In addition to previously discussed limitations in other sections, there are specific limitations to TCD diagnosis of brain death. Despite the presence of reassuring spectral Doppler waveforms, a patient can still qualify as brain dead by other clinical means (brainstem and apnea testing in the absence of confounders). This means cerebral blood flow maybe inadequate to sustain life despite reassuring waveforms. The opposite is also true, as the absence of reassuring spectral Doppler waveforms (meeting above criteria) does not automatically mean brain death, as TCD evaluates cerebral circulatory arrest, not brainstem function. Furthermore, most medical jurisdictions will not accept a TCD as its own ancillary test to confirm brain death [67].

Conclusions

The advent of intensivist-performed ultrasound and availability of ultrasound machines now provides a unique climate where point-of-care TCD is a reality. Intensivists with this skill are able to provide immediate, 24/7 bedside assessment for midline shift, elevated ICP, vasospasm and intra-cranial hypertension progression. Barriers to training do still exist, but despite these pitfalls and limitations, intensivists performing limited point-of-care TCD as a screening tool to rule-in certain indications is feasible. Reaching competence is attainable, without extensive formal radiology training for diagnostic TCD. Much like many other POC modalities, to rule in various pathologies where prompt bedside diagnosis could be invaluable to the expedition of patient care. We support the use of TCD as a complementary adjunct to routine investigations (formal TCD, CT/MRI, ICP monitors).

Abbreviations

TCD: 

transcranial Doppler

CT: 

computerized tomography

CT-A: 

computerized tomography-angiogram

MRI: 

magnetic resonance imaging

MCA: 

middle cerebral artery

ICP: 

intra-cranial pressure

ICA: 

internal carotid artery

SAH: 

subarachnoid hemorrhage

IVH: 

intra-ventricular hemorrhage

ICH: 

intra-cranial hemorrhage

EVD: 

extra-ventricular drain

POC: 

point-of-care

GCS: 

Glasgow Coma Scale

TBI: 

traumatic brain injury

ICU: 

intensive care unit

PaCO2

pressure in arterial blood of carbon dioxide

PEA: 

pulseless electrical activity

CPR: 

cardio-pulmonary resuscitation

ROSC: 

return of spontaneous circulation

DNR: 

do not resuscitate

PPV: 

positive predictive value

MLS: 

midline shift

CPP: 

cerebral perfusion pressure

PI: 

pulsatility index

PSV: 

peak systolic velocity

ESV: 

end-diastolic velocity

MV: 

mean velocity

ABP: 

arterial blood pressure

MAP: 

mean arterial pressure

ONSD: 

optic nerve sheath diameter

V-A ECMO: 

venous-arterial extracorporeal membrane oxygenation

LVAD: 

left ventricular assist device

Declarations

Authors’ contributions

VL carried out the conception and design of the review article, the review of the literature, collection of the majority of the cases, image acquisition and drafting/revisions of the manuscript. RA help conceived of the study, and participated in image acquisition of several cases and helped to draft the manuscript while revising the manuscript for important intellectual content. Both authors read and approved the final manuscript.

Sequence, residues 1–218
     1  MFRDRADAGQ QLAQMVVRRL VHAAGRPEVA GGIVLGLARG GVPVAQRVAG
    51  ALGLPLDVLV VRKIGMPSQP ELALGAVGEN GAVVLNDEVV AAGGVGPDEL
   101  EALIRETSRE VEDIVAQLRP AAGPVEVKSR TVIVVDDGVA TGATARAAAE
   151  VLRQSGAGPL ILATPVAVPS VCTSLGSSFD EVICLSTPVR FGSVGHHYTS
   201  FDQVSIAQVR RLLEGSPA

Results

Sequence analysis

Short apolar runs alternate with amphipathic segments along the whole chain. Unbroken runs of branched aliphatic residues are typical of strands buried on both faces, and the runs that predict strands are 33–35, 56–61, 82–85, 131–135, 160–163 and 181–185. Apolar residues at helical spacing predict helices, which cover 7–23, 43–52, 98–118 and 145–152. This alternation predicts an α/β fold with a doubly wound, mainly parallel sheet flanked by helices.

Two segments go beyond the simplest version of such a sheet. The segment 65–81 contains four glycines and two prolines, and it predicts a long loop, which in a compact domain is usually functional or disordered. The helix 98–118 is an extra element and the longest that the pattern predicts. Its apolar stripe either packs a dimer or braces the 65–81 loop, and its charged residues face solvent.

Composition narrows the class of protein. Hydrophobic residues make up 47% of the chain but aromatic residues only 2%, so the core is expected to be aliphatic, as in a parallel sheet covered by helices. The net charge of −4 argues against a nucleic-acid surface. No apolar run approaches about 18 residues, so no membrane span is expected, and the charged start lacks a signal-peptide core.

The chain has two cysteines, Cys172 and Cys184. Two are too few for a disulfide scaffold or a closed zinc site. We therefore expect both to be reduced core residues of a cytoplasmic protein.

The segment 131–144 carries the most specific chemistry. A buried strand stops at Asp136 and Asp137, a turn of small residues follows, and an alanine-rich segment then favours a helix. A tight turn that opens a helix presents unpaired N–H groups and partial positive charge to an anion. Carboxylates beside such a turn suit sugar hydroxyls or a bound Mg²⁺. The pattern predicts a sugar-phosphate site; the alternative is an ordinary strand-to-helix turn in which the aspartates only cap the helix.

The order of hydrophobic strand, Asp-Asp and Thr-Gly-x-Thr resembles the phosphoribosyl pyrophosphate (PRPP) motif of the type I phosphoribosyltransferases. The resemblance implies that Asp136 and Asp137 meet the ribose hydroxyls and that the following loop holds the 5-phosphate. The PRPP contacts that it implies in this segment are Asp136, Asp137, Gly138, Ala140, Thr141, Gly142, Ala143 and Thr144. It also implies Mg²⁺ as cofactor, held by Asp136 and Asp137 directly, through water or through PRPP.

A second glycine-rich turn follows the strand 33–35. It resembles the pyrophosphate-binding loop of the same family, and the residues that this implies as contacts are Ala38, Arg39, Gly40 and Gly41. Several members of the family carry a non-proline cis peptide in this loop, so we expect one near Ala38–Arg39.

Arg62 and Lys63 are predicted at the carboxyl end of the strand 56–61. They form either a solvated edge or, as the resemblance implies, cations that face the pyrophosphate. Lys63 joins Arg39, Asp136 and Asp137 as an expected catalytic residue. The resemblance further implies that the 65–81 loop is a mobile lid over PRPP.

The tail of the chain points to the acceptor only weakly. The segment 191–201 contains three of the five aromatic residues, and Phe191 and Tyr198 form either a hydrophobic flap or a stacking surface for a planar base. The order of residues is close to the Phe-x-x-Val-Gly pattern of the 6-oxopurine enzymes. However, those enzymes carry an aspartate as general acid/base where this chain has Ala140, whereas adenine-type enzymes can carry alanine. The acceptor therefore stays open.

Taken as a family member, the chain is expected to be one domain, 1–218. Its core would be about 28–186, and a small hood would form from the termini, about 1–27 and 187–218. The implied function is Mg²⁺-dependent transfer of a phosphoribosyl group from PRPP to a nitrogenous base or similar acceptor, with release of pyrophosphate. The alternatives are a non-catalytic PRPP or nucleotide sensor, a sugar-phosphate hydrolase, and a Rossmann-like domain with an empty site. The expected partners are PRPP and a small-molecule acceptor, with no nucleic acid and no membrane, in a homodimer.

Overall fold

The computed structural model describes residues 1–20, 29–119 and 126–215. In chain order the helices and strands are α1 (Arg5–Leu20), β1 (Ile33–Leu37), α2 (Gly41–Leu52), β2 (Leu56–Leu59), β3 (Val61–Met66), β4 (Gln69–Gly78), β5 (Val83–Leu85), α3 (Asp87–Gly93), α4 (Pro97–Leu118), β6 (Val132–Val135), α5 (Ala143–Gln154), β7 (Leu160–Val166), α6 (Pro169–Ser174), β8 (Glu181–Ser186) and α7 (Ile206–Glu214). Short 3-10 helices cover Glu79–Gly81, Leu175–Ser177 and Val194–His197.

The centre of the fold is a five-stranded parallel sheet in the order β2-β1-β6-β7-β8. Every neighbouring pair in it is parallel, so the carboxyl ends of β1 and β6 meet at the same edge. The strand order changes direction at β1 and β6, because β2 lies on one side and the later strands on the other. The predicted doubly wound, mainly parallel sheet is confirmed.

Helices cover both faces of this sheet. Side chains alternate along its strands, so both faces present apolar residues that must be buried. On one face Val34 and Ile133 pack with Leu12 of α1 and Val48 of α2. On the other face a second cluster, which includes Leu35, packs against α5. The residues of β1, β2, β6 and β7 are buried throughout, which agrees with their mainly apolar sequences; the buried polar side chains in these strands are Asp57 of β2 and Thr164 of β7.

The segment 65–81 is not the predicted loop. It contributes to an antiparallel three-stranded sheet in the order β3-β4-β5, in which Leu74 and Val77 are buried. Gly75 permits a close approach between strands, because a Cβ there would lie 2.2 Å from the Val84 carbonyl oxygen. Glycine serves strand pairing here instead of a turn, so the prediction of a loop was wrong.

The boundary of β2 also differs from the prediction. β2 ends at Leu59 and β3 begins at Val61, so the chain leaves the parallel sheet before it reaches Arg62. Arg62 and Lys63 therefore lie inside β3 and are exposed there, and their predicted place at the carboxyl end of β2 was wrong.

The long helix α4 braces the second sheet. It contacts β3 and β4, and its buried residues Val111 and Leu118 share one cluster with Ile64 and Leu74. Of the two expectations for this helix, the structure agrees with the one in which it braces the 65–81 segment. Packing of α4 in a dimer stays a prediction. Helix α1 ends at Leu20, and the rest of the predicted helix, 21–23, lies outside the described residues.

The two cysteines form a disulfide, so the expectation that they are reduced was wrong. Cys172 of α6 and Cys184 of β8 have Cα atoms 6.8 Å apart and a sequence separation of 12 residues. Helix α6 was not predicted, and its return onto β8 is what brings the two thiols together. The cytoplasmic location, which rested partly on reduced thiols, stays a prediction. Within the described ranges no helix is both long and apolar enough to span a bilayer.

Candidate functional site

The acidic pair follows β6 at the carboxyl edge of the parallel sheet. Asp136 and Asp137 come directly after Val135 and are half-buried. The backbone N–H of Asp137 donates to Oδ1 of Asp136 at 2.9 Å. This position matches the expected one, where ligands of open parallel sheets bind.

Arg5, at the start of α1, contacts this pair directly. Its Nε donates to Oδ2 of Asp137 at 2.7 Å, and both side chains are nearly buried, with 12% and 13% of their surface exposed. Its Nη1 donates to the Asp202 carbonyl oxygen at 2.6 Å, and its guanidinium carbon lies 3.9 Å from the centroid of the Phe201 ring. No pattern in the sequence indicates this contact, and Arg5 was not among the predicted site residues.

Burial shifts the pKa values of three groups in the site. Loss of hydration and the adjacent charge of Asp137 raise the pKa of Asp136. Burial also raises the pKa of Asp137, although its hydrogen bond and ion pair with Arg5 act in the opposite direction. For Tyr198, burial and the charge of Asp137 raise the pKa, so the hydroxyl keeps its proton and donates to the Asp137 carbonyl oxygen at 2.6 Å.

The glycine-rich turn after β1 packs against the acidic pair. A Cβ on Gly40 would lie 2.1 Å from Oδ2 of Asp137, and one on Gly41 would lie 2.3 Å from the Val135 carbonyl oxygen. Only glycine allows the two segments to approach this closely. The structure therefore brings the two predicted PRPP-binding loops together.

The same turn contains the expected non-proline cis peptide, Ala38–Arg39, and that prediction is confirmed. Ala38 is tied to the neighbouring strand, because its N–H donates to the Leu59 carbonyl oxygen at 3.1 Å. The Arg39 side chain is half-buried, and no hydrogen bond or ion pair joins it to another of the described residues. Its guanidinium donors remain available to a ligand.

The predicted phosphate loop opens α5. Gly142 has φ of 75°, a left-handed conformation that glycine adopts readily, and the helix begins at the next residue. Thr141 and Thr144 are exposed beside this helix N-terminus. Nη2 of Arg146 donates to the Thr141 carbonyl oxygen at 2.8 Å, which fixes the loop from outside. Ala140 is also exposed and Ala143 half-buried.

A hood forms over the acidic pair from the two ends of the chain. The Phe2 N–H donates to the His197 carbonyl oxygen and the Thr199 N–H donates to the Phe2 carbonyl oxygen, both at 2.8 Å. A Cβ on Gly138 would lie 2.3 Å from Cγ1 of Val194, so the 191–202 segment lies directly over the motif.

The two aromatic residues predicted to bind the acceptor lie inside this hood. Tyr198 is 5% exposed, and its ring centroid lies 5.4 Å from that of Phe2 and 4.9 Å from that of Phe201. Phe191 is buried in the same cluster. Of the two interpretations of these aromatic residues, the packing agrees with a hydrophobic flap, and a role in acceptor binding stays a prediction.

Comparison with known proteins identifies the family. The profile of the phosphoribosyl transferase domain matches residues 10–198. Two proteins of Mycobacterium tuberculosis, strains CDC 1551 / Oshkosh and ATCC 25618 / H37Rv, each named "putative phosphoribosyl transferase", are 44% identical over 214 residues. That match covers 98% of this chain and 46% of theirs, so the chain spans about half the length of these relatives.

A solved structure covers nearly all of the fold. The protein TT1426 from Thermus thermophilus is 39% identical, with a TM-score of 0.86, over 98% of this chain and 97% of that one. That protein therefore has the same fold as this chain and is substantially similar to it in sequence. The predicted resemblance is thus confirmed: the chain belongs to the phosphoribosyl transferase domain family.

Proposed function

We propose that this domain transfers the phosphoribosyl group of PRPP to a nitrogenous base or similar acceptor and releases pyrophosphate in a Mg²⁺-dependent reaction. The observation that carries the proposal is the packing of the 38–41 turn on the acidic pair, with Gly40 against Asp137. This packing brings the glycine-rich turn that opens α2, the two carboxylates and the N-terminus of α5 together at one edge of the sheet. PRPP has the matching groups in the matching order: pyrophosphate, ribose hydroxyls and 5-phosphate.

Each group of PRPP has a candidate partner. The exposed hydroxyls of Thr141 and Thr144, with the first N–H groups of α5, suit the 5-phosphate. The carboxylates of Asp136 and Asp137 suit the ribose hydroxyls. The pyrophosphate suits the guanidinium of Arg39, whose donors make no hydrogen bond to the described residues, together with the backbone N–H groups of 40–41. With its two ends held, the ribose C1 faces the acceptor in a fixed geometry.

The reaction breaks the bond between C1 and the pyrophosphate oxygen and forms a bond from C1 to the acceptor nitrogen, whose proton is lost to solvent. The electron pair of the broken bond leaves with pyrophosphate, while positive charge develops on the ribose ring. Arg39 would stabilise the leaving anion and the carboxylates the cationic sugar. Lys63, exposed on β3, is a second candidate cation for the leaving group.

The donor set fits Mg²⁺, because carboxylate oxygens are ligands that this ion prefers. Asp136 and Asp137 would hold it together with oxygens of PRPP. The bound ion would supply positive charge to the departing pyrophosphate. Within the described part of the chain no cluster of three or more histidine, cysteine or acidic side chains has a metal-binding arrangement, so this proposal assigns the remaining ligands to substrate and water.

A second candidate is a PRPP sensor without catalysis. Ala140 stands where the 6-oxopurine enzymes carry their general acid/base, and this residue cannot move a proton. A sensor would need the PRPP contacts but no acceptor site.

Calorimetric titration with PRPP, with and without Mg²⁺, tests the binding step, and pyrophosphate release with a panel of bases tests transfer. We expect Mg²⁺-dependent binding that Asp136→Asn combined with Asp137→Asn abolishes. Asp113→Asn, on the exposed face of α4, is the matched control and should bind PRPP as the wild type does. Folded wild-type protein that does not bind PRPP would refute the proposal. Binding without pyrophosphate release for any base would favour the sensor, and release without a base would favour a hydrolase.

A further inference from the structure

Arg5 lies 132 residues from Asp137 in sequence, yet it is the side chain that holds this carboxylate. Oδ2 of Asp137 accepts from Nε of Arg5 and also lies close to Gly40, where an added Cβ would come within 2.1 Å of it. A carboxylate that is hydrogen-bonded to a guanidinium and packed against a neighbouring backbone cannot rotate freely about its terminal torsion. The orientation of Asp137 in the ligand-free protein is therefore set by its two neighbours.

Acknowledgements

We would like to acknowledge Dr. Lauren Zarnett (neurosurgery resident at Western University) for her contribution to the cases and her continued support for the TCD modality.

Competing interests

The authors declare that they have no competing interests.

Availability of supporting data

Any additional supporting data for this manuscript are provided either in the Additional file section. Any further supporting data are available at the request of the journal.

Consent for publication

Written informed consent for publication of their clinical details and/or clinical images was obtained from the patient themselves, or parent/guardian/relative of the patient. A copy of the consent form is available for review by the editor of this journal.

Ethical approval and consent to participate

This study was reviewed by local institutional review boards (Western University Research Ethics Board and Lawson Health Research Institute) and received delegated health sciences approval. Written informed consent for participation in acquisition of TCD images was obtained from the patient themselves, or parent/guardian/relative of the patient. A copy of the consent form is available for review by the editor of this journal.

Funding

There is no funding for this project.

Publisher’s Note

Springer Nature remains neutral with regard to jurisdictional claims in published maps and institutional affiliations.

Open AccessThis article is distributed under the terms of the Creative Commons Attribution 4.0 International License (http://creativecommons.org/licenses/by/4.0/), which permits unrestricted use, distribution, and reproduction in any medium, provided you give appropriate credit to the original author(s) and the source, provide a link to the Creative Commons license, and indicate if changes were made.

Authors’ Affiliations

(1)
Department of Medicine, Division of Critical Care, Schulich School of Medicine and Dentistry, Western University
(2)
London Health Sciences Centre, Victoria Hospital Rm